Three life hacks to reinvent your life in the New Year

Focus on bite-sized goals, routines, and an accountability structure.

As the year draws to a close, our thoughts naturally turn towards the year ahead. It is an opportunity to take stock of what I call the “portfolio of life”.


How do I design the life I want to live? What do I want to accomplish professionally and personally? What actions do I need to take to meet these objectives?


Right… New Year’s resolutions… I hear some of you mutter under your breath. Well, not really.


The most common New Year’s resolutions include perennial favourites such as exercising more, eating healthy, learning a new skill, managing finances, strengthening relationships, and pursuing an aspiration.


Yet, studies show that an astounding 80 percent of New Year’s resolutions fail, with most losing steam by February.


Whether it’s yoga or cross-fit training, statistics show a sharp increase in gym attendance every January, followed by a precipitous decline the month after.

With such dismal odds, I’m much less interested in New Year’s resolutions per se. Rather, it’s about putting in place systems that enable change.


Here are three life hacks that have worked for me over the years.

A list of goals for the year
A list of goals for the year

1. Reach for bite-sized goals


Lofty goals are wonderfully aspirational, but can be daunting - or downright discouraging - as progress on a day-to-day basis seems positively glacial.


But remember, even the largest mountains are moved one rock at a time.


Looking to transition into a new field? Deconstruct the process.


For example, reach out to two people a week who may be able to provide insights about industries, companies, or roles you are interested in.


Identify gaps in your experience and develop a plan to close those gaps one at a time.


The first time I climbed 28 flights of stairs, as part of a training regimen for Everest Base Camp, I was completely wiped out.


By gradually increasing the number of flights each week, I eventually was able to climb 250 flights of stairs carrying 10% of my body weight.


Today, stairs no longer intimidate me.

When we reach a goal, however insignificant it may seem in the grand scheme of things, the brain’s reward system releases a dopamine hit. This in turn motivates us to reach for the next goal, and so on. Set yourself simple challenges and keep inching the bar forward.

Daily routine schedule
Daily routine schedule

2. Develop routines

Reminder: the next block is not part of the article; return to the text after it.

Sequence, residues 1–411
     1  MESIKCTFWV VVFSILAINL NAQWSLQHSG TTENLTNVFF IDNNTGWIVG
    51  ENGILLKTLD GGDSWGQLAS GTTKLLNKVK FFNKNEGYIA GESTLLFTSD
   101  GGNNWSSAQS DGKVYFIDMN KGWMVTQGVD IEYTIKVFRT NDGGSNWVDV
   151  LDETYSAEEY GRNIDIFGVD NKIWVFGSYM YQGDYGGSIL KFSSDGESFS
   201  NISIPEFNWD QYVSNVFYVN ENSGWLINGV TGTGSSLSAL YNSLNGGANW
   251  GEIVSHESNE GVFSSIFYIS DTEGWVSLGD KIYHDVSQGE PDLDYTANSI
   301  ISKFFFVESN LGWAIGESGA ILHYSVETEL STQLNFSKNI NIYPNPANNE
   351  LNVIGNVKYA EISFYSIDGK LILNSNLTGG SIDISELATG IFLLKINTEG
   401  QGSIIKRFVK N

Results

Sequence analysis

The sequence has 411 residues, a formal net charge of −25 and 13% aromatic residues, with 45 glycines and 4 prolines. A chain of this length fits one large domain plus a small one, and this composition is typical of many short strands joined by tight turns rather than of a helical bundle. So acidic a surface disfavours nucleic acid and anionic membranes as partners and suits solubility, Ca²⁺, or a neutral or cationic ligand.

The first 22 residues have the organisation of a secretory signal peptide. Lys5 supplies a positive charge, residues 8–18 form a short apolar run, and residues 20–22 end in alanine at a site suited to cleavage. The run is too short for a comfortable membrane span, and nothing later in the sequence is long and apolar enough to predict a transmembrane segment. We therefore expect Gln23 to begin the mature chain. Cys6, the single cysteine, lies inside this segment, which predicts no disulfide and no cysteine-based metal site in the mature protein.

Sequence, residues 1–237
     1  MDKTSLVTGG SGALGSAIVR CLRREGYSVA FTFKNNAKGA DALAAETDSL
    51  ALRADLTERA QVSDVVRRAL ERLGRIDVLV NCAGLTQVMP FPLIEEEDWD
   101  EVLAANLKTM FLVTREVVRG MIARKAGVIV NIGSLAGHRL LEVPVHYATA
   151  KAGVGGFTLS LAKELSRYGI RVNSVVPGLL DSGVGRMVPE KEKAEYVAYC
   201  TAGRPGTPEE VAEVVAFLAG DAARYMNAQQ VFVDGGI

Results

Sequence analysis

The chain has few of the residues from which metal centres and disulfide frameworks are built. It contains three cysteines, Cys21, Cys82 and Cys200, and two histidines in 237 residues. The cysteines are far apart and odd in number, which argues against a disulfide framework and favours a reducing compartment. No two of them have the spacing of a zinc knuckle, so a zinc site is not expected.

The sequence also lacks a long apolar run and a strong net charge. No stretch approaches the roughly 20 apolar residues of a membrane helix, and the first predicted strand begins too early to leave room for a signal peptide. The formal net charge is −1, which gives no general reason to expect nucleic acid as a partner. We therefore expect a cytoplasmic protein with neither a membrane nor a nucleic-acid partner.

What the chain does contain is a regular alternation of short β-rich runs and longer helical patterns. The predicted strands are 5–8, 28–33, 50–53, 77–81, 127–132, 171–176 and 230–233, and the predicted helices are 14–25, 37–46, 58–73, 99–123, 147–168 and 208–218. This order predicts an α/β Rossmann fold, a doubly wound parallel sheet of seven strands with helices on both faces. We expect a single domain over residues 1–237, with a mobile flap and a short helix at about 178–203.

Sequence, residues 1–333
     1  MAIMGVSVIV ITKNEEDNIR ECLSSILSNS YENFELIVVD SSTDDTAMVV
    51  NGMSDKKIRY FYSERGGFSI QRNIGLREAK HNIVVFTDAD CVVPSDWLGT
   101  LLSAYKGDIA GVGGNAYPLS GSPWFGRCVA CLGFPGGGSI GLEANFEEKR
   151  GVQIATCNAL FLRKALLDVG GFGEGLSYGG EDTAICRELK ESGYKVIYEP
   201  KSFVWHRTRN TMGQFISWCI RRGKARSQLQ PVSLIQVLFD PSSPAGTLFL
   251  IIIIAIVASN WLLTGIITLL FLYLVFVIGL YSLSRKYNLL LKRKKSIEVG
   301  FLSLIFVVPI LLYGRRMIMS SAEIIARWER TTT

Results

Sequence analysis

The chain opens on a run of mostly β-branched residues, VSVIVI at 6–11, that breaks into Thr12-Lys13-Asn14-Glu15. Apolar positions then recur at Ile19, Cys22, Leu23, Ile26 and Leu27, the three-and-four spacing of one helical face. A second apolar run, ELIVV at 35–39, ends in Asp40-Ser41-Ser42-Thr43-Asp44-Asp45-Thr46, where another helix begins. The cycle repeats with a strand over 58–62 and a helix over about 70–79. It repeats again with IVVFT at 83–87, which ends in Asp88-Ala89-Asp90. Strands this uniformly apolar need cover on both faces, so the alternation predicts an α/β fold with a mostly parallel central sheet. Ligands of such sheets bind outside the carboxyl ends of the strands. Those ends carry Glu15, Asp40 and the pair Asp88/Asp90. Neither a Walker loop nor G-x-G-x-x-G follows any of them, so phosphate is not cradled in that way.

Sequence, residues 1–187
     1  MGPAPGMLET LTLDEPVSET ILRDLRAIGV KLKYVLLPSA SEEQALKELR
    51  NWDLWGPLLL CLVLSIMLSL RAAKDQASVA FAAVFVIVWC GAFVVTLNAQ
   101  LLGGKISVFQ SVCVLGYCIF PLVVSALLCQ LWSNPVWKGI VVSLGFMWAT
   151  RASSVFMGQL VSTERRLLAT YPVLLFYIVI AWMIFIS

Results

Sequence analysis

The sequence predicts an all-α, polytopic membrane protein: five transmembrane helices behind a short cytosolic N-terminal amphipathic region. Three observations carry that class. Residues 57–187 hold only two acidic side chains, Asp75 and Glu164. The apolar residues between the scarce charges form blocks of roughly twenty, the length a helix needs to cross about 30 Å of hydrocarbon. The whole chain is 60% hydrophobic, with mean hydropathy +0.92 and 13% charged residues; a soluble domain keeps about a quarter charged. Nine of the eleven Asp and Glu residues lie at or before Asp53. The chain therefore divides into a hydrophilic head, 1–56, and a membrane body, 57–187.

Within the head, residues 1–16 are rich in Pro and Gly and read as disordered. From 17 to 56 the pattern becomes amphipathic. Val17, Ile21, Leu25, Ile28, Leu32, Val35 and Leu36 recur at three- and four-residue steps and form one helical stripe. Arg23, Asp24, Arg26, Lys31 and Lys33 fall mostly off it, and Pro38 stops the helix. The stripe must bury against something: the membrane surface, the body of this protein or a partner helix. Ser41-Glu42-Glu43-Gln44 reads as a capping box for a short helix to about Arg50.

Habits are essentially behaviours that are so ingrained, they require little if any thought. For example, you may habitually have a cup of coffee every morning, or traverse the same route between your home and the supermarket.


Since we as humans are hardwired to fall back on old habits, how does one actually go about building a new habit?

Start by developing routines, which are often uncomfortable and require intentional effort.


Learning a new instrument? Set aside dedicated time to practise on a regular basis rather than leaving it to serendipity.


Speaking from experience as a musician earlier in my life, I can attest that your day will run away from you if you do not block time in your calendar to practise.

As time passes, routines turn into habits. Our brains develop stronger and stronger neuronal circuits that support the new behaviour.


And that is how new habits are formed.

A community of passionate individuals
A community of passionate individuals

3. Establish accountability mechanisms


Big changes require sustained change. The trouble is, it is exceedingly difficult to stay the course, particularly when nothing material seems to be happening in the near-term.


It is easy to give up, and to fall back into our comfort zone. An accountability structure helps nudge us towards our goals, especially when we do not feel like it.


Want to eat healthy? Get your entire family on board (they will thank you later).


Pursuing a degree? Find a study buddy and keep each other motivated.


Reinventing yourself? Join a community of like-minded individuals who can be a source of strength and support.


Keen to read more books? Share your goal on social media to make it public and post regular book reviews.

Reinvention requires intentional effort. Let go of the temptation to make New Year’s resolutions that likely will not be kept.


Instead, focus on bite-sized goals, routines, and an accountability structure.


You can do it.


A version of this article was originally published in The Business Times on Dec 13, 2021.


*If you are interested in moving into a new chapter in your career, you might find joining a community of like-minded people useful. The Remarkable Reinventors Community is a safe space geared towards experts who are ready to grow and explore a new chapter of their life.